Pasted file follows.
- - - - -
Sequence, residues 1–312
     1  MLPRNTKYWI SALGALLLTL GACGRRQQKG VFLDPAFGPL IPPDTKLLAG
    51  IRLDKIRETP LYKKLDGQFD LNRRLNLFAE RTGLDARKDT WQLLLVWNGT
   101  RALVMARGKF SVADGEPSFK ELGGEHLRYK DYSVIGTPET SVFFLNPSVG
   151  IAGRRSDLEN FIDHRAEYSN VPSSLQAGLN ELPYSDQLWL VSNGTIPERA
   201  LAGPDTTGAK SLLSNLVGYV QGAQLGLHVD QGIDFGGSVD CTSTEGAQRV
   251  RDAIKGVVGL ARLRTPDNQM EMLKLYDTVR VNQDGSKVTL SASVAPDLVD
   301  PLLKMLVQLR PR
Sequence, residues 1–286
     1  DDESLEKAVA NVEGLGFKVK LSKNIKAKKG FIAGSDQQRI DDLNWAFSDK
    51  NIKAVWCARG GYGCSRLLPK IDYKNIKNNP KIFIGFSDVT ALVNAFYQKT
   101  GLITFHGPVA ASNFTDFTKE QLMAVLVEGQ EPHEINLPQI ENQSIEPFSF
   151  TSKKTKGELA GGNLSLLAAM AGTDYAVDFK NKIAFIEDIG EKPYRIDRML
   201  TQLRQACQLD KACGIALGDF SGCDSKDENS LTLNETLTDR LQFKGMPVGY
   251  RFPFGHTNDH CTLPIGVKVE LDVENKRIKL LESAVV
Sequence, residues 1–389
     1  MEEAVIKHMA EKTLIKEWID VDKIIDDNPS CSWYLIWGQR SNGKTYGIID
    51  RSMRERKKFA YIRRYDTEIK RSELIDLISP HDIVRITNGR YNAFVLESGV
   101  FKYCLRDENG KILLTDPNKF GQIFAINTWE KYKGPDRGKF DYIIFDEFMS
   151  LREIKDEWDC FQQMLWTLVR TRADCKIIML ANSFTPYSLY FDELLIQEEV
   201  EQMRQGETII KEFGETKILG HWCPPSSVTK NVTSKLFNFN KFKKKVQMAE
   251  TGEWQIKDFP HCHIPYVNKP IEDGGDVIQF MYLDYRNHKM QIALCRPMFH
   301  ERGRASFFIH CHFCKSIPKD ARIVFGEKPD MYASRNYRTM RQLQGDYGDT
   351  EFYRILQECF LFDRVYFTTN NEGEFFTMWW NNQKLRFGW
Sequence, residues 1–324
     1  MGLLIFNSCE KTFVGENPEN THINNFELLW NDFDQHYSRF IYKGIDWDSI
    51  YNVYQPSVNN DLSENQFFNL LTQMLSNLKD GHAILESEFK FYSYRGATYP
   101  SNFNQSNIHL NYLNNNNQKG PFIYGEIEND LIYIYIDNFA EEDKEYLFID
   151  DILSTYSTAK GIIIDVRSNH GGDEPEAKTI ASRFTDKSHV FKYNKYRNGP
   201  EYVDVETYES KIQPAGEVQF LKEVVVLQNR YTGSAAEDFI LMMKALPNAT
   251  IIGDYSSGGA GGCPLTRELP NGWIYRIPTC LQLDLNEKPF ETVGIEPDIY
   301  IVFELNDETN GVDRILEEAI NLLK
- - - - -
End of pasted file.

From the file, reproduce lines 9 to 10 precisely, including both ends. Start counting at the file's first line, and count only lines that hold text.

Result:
Sequence, residues 1–286
     1  DDESLEKAVA NVEGLGFKVK LSKNIKAKKG FIAGSDQQRI DDLNWAFSDK